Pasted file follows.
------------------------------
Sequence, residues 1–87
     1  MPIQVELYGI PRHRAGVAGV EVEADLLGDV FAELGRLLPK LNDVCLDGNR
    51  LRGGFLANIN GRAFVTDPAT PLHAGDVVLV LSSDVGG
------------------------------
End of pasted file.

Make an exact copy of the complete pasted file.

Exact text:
Sequence, residues 1–87
     1  MPIQVELYGI PRHRAGVAGV EVEADLLGDV FAELGRLLPK LNDVCLDGNR
    51  LRGGFLANIN GRAFVTDPAT PLHAGDVVLV LSSDVGG